Middle English, from Old English strācian; akin to Old High German strīhhan to stroke
- before 12th Century
- 1: medical : a serious illness caused when a blood vessel in your brain suddenly breaks or is blocked
- 2: an act of hitting a ball or the movement made to hit a ball during a game
- 3: golf : an act of hitting the ball that is counted as part of a player's score
Stroke, also known as cerebrovascular accident (CVA), cerebrovascular insult (CVI), or brain attack, is when poor blood flow to the brain results in cell death. There are two main types of stroke: ischemic, due to lack of blood flow, and hemorrhagic, due to bleeding. They result in part of the brain not functioning properly. Signs and symptoms of a stroke may include an inability to move or feel on one side of the body, problems understanding or speaking, feeling like the world is spinning, or loss of vision to one side among others. Signs and symptoms often appear soon after the stroke has occurred. If symptoms last less than one or two hours it is known as a transient ischemic attack (TIA). Hemorrhagic strokes may also be associated with a severe headache. The symptoms of a stroke can be permanent. Long term complications may include pneumonia or loss of bladder control.
The main risk factor for stroke is high blood pressure. Other risk factors include tobacco smoking, obesity, high blood cholesterol, diabetes mellitus, previous TIA, and atrial fibrillation. An ischemic stroke is typically caused by blockage of a blood vessel. A hemorrhagic stroke is caused by bleeding either directly into the brain or into the space surrounding the brain. Bleeding may occur due to a brain aneurysm. Diagnosis is typically with medical imaging such as a computerized axial tomography (CT) scan or magnetic resonance imaging (MRI) scan along with a physical exam. Other tests such as an electrocardiogram (ECG) and blood tests are done to determine risk factors and rule out other possible causes. Low blood sugar may cause similar symptoms.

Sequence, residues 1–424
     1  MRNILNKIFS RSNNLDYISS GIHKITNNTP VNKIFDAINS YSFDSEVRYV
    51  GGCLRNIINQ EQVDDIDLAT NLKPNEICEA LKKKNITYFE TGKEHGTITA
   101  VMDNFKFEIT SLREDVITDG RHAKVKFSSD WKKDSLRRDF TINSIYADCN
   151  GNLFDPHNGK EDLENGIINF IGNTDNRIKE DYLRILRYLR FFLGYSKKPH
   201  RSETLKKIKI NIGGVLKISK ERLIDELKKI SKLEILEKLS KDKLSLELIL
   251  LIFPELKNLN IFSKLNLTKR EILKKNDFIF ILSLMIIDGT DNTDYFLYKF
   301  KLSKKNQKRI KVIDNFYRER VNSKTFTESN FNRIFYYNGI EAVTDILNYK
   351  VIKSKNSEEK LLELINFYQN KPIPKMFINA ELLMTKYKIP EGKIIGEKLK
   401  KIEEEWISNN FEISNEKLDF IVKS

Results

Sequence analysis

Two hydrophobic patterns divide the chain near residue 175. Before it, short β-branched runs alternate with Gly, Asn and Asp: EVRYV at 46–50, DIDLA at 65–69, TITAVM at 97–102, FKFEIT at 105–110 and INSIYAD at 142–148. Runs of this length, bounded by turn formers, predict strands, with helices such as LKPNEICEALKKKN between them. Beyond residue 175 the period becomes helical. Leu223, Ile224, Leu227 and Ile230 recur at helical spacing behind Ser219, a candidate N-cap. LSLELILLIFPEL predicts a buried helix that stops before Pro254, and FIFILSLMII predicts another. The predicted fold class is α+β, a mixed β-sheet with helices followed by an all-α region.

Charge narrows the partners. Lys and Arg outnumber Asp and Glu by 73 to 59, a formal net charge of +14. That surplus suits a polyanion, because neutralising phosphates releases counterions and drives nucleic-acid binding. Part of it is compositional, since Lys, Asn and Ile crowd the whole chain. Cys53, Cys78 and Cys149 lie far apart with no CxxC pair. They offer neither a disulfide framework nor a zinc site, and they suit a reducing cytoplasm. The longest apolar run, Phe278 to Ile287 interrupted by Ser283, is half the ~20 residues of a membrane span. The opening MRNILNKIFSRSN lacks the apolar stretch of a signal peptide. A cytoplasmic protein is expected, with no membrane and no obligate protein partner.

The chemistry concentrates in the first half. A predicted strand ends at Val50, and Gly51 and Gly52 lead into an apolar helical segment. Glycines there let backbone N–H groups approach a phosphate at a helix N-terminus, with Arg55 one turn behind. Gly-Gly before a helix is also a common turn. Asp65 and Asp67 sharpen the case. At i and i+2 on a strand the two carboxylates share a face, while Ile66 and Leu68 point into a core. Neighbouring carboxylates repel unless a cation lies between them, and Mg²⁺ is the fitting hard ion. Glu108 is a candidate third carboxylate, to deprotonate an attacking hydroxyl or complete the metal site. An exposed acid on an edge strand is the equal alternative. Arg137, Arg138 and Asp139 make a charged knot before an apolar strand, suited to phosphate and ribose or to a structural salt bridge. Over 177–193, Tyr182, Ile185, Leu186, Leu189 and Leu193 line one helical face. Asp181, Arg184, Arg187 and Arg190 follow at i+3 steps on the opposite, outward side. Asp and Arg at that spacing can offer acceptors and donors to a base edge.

Prevention includes decreasing risk factors as well as possibly aspirin, statins, surgery to open up the arteries to the brain in those with problematic narrowing, and warfarin in those with atrial fibrillation A stroke often requires emergency care. An ischemic stroke, if detected within three to four and half hours, may be treatable with a medication that can break down the clot. Aspirin should be used. Some hemorrhagic strokes benefit from surgery. Treatment to try recover lost function is called stroke rehabilitation and ideally takes place in a stroke unit; however, these are not available in much of the world.
In 2013 approximately 6.9 million people had an ischemic stroke and 3.4 million people had a hemorrhagic stroke. In 2010 there were about 33 million people who had previously had a stroke and were still alive. Between 1990 and 2010 the number of strokes which occurred each year decreased by approximately 10% in the developed world and increased by 10% in the developing world. In 2013, stroke was the second most frequent cause of death after coronary artery disease, accounting for 6.4 million deaths (12% of the total). About 3.3 million deaths resulted from ischemic stroke while 3.2 million deaths resulted from hemorrhagic stroke. About half of people who have had a stroke live less than one year. Overall, two thirds of strokes occurred in those over 65 years old.